Understanding FAFSA® and How to Apply for Federal Student Aid

Understanding FAFSA® and How to Apply for Federal Student Aid image 1 (name IMG Understanding FAFSA┬ and How to Apply for Federal Student Aid 1)

The Free Application for Federal Student Aid (FAFSA®) is a form you’ll need to fill out to determine eligibility for financial aid, including grants, loans, and work-study programs. The FAFSA® is free to fill out and is available to students who plan to attend an eligible institution of higher education.

It’s important to note that you can fill out the FAFSA® starting October 1 of the year before you plan to attend college. It’s processed on a rolling basis, so you should file it as early as possible.

However, before filling out the FAFSA®, you’ll need to create an FSA ID to access and electronically sign your form and loan documents. Once you get started, you will be asked to provide personal and financial information for you and your family, which is used to determine how much financial aid you are eligible for.

How Eligibility and Award Amount Are Determined 

Your eligibility for federal student aid depends on several factors, starting with financial need. The information you provide on the FAFSA® is used to calculate your Expected Family Contribution (EFC)—a measure of how much you and your family can afford to contribute to your education based on the following:

  • Dependency status: You will indicate your dependency status on the FAFSA® form. If you are a dependent student, you will report your and your parents’ information. If you’re independent, you will report your information as well as your spouse’s, if you are married.
  • Marital status: The FAFSA® asks for marital status as of the day you fill out the form for yourself and your parents (if you’re a dependent student). This determines whether a spouse’s income will be included in your EFC.
  • Income: Your taxed and untaxed income and benefits are calculated in your EFC. If you are a dependent student, this includes your parents’ income and your own.
  • Asset net worth: The FAFSA® collects information on the current value of your assets, excluding what you owe, and calculates them into your EFC. This includes money in checking and savings accounts, investments, businesses, and real estate, excluding the home you live in.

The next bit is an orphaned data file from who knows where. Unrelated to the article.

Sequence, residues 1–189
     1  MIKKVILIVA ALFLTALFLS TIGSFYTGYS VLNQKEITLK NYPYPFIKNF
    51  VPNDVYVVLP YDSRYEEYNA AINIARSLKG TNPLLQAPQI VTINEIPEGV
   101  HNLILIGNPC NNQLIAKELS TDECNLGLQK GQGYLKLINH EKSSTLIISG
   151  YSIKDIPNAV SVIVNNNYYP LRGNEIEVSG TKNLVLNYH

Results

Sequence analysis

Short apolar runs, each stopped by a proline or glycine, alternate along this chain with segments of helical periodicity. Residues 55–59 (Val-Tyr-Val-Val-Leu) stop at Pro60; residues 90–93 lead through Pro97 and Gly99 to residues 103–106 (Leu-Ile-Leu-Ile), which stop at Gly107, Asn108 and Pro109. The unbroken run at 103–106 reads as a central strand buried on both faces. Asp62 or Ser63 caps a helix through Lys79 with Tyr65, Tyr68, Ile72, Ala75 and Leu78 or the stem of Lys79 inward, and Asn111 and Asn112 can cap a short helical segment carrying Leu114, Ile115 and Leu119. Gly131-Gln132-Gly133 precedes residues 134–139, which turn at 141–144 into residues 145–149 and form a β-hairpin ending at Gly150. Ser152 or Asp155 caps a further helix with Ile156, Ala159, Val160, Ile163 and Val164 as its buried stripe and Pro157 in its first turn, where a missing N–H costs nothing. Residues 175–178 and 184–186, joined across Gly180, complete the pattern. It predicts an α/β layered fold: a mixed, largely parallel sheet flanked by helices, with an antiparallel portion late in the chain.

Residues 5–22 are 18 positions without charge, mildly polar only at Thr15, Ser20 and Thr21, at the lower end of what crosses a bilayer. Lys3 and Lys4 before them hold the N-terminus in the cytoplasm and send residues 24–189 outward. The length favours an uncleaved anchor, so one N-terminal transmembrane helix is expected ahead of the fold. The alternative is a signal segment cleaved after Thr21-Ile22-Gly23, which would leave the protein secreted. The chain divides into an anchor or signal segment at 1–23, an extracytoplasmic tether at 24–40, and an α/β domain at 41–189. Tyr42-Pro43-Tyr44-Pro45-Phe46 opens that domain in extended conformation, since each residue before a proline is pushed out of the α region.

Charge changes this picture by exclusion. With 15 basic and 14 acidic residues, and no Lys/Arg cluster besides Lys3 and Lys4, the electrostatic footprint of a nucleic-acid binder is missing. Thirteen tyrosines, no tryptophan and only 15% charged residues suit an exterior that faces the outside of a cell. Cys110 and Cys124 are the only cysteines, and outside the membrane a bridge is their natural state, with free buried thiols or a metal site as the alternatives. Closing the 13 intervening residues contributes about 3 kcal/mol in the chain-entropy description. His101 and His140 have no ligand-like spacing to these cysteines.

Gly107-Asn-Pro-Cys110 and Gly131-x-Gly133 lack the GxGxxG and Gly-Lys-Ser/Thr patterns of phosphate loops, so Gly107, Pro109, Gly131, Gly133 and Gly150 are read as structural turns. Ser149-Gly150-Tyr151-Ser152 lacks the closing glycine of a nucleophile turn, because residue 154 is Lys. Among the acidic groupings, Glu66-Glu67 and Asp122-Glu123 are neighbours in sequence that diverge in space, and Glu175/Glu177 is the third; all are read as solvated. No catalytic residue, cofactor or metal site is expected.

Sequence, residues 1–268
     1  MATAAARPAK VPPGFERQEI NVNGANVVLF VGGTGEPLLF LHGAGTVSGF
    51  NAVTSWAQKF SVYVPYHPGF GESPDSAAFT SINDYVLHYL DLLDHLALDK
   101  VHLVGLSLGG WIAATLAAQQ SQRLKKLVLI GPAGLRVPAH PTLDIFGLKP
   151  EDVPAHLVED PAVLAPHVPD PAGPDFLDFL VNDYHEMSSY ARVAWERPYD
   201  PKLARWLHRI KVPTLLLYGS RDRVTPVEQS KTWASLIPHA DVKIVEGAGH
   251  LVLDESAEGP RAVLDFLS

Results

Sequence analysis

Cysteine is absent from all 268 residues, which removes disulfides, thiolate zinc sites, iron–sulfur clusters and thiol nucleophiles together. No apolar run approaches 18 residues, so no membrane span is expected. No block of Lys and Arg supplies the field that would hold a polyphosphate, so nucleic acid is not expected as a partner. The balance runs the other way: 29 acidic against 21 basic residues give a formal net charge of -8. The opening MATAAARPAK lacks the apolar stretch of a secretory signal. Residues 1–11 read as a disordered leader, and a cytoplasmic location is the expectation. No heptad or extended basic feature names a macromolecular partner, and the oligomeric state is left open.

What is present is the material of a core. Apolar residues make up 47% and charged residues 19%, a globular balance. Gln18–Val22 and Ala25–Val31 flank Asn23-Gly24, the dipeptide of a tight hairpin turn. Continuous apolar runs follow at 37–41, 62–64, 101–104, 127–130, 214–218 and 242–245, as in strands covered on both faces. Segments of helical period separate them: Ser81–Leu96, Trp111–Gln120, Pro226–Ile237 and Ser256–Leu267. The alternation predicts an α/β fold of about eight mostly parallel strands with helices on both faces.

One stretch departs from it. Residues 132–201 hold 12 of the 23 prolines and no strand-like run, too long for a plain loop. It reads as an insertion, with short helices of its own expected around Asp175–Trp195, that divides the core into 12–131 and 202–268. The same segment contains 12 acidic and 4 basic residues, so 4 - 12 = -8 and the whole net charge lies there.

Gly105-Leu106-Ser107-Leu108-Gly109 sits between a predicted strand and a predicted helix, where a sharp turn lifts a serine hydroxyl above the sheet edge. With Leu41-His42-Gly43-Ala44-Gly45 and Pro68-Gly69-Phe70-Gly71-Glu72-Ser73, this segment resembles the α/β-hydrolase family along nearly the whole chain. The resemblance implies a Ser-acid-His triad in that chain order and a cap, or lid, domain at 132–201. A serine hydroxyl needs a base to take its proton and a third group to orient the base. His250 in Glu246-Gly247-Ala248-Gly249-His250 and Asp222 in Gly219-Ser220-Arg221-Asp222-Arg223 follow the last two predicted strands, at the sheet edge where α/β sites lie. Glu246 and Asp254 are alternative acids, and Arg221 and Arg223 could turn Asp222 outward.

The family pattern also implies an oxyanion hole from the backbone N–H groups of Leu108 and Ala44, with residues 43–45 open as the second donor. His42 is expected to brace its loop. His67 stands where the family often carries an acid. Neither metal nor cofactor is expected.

• Family size: If you’re a dependent student, your household size includes your parents, yourself, and their other children, who receive more than half of their support from your parents. It also includes other individuals who are not your parents’ children but who live with and receive more than half of their support from them. If you’re an independent student, your household size includes you and if applicable, your spouse and your children, who receive more than half of their support from you. Individuals who are not your children but live with and receive more than half of their support from you are also included.

If you are eligible for federal student aid, the amount of aid you receive will be based on your EFC. The lower your EFC, the more aid you will receive. In addition to financial need, you must meet other basic eligibility requirements:

  • Be a U.S. citizen or eligible noncitizen (However, don’t assume you can’t get aid if you’re not a citizen. Many non-U.S. citizens qualify for student aid).
  • Have a valid Social Security number (SSN), with some exceptions.
  • Be enrolled or accepted in an eligible degree or certificate-granting program.
  • Meet additional eligibility requirements.

Five Steps to Receiving Financial Aid

To get started, gather the required information, such as your SSN, federal income tax return, W-2 forms, bank statements, and alien registration number, if you are an eligible noncitizen. Once you have collected this information, you are ready to follow these steps to complete your FAFSA®:  

  1. Create an FSA ID. Your FSA ID allows you to access and sign your FAFSA® form and loan contracts electronically. You should not share this unique and secure digital signature with anyone.
  2. Fill out the FAFSA®. Answer all questions on the form accurately and completely. If you need help, reach out to your school’s guidance counselor or the Federal Student Aid Information Center. 
  3. Submit the FAFSA®. Some colleges have a priority deadline for financial aid, and because the FAFSA® is processed on a rolling basis, it’s important to submit your form as soon as possible. 
  4. Follow up with colleges. Once you’ve submitted the FAFSA®, the colleges you listed on your form will use the information to determine your financial aid eligibility. Check with each college you’ve applied to for any additional financial aid requirements or application procedures. 
  5. Renew the FAFSA® annually. You’ll need to renew the FAFSA® each year you’re in college to continue receiving financial aid. Keep track of deadlines and be sure to submit your form on time each year.

If you’re planning to attend college, start gathering the necessary information you need for the FAFSA® early so you can submit your form as quickly as possible. For some insight into how much financial aid you may expect to receive, check out the Federal Student Aid Forecaster. This tool helps estimate your eligibility for federal student aid. And remember, your education is a worthwhile investment in your future. Take advantage of the student aid available and start preparing for your academic future today.